I normally wash the garment pieces using whatever method I will be using to launder the finished garment (generally hand washing but machine washed in net bags if it is machine washable). If hand washed I spin off the excess water and lay the pieces out flat (wrong side up) on the blocking mat. If the garment is knitted in stocking stitch and is the correct size I don’t usually pin out the pieces. If the garment is knitted in lace or another stitch pattern that needs to be stretched open I will pin the pieces to size and leave to dry.

Lace scarf pinned out on blocking mat

Lace swatch washed and blocked out with second sample of the same swatch as it is after knitting and before blocking

Wool can also be steam blocked.

Wool swatch after knitting but before blocking

Pin out the pieces to the size required. Smooth the pieces from the centre outwards and be careful not to over stretch the knitting in any one direction.

Wool swatch pinned in the corners

Wool swatch pinned out flat

If you are going to steam block your piece of knitting you should use glass headed pins to pin out the piece. Using a steam iron set to ‘wool’ and with steam hover the iron over your piece of knitting allowing the steam to penetrate the fabric. If you move the iron away you can pat the steam into the fabric but make sure you don’t scold yourself.

Wool swatch being steamed

You can put the iron on the knitting if you want a very flat surface but remember to steam press NOT iron. Also make sure you steam all the fabric.

You need to remember that wool fibre is elastic. If you have stretched out the knitting in the blocking process once you wash that item you will have to block it out again as it is not possible to ‘fix’ the stretched blocking permanently in wool.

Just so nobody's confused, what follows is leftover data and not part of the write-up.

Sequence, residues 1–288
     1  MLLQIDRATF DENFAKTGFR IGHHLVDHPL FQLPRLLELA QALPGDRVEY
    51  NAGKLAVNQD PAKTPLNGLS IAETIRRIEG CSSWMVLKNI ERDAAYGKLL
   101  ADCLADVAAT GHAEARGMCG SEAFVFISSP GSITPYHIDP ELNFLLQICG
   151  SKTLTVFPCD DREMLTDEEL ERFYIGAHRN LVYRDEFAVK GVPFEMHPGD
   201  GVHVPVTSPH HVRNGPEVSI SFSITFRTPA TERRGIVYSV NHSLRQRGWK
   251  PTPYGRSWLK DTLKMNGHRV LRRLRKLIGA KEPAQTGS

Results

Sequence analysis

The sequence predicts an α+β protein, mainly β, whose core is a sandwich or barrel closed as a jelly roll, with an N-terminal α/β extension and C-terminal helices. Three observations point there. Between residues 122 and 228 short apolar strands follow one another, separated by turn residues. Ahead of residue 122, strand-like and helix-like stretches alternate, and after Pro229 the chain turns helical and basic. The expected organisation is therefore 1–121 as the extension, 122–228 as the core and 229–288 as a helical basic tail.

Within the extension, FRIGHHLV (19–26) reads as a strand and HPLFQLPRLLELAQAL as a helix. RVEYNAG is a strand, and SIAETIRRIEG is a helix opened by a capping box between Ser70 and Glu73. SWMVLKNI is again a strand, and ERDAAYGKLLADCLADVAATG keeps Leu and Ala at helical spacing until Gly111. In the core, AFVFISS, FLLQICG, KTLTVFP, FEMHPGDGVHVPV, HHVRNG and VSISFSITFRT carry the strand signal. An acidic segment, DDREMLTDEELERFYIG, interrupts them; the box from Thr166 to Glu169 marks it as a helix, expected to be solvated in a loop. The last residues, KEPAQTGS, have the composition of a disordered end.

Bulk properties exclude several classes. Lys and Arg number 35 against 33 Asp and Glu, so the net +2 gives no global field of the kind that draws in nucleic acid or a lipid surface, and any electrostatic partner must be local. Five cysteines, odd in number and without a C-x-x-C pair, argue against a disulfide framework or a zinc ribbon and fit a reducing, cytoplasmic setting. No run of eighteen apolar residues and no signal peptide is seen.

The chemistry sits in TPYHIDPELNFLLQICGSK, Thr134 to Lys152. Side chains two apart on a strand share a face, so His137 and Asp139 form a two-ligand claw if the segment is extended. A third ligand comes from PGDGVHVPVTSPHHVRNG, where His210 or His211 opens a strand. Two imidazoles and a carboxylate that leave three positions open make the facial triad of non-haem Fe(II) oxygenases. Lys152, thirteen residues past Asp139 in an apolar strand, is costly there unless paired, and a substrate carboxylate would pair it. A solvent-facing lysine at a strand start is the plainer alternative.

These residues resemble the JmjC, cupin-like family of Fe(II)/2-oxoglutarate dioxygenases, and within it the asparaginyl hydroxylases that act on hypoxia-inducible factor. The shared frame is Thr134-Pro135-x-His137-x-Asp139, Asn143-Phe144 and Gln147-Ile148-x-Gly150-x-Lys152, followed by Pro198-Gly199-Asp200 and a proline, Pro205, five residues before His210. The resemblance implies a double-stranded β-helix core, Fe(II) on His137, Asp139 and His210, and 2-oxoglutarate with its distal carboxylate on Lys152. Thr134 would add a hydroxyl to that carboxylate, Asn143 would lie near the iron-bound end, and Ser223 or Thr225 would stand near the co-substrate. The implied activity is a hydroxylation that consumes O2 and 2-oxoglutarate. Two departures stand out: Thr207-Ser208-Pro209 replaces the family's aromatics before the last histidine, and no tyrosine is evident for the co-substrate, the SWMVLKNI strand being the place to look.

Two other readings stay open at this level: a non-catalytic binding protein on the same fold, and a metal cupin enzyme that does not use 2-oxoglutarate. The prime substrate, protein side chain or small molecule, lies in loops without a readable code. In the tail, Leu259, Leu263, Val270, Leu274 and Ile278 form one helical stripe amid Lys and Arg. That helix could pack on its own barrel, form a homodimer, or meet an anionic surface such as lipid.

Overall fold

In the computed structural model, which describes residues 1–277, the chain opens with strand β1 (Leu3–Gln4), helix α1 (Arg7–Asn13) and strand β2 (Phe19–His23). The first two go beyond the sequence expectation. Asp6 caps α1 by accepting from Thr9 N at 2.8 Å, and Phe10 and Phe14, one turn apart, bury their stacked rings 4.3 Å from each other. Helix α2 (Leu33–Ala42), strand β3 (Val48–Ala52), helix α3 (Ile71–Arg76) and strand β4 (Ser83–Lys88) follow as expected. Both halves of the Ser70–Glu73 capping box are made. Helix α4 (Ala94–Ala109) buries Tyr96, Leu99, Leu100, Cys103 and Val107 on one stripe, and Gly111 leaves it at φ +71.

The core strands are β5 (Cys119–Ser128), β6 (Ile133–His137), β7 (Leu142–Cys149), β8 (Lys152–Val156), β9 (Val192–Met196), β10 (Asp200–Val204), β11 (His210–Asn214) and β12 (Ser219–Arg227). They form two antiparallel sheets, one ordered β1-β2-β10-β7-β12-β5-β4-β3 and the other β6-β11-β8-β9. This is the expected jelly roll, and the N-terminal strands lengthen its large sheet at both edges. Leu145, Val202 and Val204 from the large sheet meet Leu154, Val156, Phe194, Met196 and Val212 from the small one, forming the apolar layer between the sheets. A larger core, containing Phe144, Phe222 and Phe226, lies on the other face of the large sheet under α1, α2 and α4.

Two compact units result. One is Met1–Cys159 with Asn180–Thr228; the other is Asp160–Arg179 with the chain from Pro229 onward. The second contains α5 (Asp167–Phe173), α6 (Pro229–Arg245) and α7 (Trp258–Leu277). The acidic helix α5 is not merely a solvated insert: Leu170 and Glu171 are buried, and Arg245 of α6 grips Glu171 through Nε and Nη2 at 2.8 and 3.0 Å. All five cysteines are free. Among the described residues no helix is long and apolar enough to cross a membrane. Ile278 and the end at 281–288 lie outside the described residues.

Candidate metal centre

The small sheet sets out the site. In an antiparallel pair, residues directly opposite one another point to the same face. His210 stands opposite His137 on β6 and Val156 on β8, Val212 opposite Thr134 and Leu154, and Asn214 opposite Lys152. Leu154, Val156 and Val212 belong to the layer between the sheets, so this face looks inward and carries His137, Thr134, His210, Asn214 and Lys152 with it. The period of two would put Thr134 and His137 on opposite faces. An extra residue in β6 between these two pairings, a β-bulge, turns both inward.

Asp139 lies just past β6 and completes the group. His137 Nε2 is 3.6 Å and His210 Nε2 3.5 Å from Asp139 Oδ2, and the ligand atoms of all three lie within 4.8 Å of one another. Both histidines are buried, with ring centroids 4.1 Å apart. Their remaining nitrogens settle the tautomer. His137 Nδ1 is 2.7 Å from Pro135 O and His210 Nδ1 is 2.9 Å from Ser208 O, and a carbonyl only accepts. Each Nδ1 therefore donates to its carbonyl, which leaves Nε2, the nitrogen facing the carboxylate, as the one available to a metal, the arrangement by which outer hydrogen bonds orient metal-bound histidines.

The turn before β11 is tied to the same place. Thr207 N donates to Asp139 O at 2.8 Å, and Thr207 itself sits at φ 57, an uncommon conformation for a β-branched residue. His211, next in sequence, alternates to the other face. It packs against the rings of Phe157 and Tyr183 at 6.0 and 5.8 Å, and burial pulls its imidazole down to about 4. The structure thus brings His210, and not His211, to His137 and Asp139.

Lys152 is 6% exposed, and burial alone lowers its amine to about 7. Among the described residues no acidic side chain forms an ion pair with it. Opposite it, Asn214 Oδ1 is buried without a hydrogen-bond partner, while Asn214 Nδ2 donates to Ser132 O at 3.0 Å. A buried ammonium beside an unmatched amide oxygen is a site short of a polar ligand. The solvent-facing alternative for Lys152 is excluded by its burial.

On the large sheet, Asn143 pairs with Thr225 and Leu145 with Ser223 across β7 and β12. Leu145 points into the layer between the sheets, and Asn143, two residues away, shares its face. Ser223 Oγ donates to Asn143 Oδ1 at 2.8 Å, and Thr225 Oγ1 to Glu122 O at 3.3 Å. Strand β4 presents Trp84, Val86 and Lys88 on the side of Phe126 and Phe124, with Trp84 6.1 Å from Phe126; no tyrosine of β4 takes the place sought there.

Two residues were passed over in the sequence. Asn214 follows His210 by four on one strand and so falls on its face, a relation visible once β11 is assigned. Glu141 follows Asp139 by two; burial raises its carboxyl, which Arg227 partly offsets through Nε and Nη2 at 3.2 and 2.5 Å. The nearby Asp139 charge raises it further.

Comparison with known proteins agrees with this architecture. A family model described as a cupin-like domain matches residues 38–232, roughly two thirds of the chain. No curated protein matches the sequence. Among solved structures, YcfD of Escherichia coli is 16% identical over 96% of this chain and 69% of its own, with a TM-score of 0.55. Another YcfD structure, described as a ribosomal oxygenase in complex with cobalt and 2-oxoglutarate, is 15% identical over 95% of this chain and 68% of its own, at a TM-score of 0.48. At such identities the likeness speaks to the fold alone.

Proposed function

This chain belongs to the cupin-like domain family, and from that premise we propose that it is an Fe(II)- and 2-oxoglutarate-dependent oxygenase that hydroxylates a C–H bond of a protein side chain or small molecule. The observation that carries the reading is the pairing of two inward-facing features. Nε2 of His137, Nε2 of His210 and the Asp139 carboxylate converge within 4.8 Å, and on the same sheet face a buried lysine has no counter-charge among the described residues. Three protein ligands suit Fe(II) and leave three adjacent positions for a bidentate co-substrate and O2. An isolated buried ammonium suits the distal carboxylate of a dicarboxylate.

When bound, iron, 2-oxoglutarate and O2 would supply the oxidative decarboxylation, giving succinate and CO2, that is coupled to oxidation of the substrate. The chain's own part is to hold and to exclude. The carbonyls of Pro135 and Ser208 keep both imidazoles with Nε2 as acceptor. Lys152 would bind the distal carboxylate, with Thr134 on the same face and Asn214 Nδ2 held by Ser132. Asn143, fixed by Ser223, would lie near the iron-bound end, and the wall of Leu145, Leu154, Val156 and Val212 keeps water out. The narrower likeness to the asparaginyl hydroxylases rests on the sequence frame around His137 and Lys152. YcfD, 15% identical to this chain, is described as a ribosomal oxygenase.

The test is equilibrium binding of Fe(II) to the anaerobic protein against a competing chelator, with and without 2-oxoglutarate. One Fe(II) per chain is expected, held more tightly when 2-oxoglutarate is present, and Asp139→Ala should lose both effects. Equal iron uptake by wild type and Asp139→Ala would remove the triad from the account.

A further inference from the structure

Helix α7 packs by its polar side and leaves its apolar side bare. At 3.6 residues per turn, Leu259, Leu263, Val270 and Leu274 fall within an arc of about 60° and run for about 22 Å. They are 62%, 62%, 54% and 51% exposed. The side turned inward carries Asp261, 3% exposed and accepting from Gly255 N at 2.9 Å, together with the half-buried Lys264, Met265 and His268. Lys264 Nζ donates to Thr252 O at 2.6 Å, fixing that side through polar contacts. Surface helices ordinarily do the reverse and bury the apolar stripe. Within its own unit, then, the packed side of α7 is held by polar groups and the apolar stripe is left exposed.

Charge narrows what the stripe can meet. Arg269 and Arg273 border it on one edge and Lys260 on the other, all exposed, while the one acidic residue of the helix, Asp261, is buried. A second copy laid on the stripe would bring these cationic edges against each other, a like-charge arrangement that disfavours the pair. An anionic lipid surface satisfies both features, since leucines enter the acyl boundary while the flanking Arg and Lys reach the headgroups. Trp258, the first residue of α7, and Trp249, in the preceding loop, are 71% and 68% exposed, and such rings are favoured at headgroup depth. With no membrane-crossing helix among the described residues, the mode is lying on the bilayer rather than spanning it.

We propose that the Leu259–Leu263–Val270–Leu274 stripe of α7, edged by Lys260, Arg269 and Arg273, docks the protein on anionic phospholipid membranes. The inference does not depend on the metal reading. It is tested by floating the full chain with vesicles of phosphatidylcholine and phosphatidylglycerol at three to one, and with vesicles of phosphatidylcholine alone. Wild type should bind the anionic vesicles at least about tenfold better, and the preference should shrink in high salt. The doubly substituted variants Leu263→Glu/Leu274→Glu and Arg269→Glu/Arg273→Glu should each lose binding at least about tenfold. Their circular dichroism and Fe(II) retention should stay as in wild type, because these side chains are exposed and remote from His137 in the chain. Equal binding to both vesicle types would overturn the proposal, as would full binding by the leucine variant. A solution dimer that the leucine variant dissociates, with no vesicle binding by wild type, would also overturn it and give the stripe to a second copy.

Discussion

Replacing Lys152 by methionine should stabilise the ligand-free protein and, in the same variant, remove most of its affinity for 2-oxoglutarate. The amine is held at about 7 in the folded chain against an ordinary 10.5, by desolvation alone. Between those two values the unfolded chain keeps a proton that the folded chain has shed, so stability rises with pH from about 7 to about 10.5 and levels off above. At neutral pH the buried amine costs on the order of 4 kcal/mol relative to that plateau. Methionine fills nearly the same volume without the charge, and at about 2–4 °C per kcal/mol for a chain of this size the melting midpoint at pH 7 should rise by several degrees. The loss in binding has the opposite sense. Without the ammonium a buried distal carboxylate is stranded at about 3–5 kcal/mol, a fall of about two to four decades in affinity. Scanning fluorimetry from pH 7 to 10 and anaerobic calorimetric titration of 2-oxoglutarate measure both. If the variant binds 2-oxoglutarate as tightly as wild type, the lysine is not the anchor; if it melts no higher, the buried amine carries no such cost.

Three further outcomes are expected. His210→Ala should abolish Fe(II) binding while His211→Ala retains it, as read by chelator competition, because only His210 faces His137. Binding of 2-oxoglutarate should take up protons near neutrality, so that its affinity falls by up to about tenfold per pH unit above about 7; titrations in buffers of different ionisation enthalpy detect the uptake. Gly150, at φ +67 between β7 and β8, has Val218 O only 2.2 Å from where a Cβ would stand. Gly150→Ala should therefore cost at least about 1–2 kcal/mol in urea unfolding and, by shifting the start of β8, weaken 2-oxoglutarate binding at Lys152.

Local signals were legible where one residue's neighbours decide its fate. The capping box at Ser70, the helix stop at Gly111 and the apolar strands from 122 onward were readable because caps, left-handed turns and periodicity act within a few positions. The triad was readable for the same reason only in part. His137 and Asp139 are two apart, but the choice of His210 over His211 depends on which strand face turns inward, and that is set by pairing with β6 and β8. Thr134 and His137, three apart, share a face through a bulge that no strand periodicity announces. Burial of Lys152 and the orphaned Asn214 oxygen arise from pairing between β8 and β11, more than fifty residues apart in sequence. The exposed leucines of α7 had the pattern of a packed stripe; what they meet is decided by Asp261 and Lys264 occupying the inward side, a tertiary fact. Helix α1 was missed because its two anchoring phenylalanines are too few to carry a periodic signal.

Cotton Again I would wash the garment pieces (in this case machine washed) and lay them out on the blocking mat to dry. The washing helps to relax the knitting and also shows what it will look like once the garment is laundered. The sample of rib and lace knitted in cotton became much flatter and open after washing without being stretched.

Cotton swatch before washing

Cotton swatch after washing

You can pin out your pieces or just leave them smoothed out flat to dry. Cotton can also be steam pressed i.e. you can press the steam iron onto the knitting if you want a flat surface as cotton can withstand quite a lot of heat. However if the knitting is worked in a textured stitch you may prefer to just wash or steam the pieces to retain the texture.

Acrylic Acrylic fibre does not respond well to heat. You can wash the pieces in the way you will launder the finished garment and lay them out flat to dry, or while they are still dry, you can pin out the pieces on the blocking mat and then wet them either with a water spritzer or by placing damp tea towels over the knitting so the moisture penetrates the knitted pieces and then leave them to dry.

DO NOT iron or steam unless you want a limp open fabric.

Bamboo and other new fibres Yarns made from new fibres such as bamboo, Soya, milk protein and corn are becoming more readily available so it is important to know how to block knitting made from these fibres. Although they are all made from natural sources they go through a manufacturing process to be made into fibre so it is generally not a good idea to use steam or an iron on them. The safest way to treat knitted pieces in any of these fibres is to block them out dry and then apply damp tea towels to the knitting. I usually pat down the damp tea towels to help the moisture penetrate the fibre, leave the tea towels for 3 or 4 hours and then remove them and leave the knitting to dry completely before unpinning.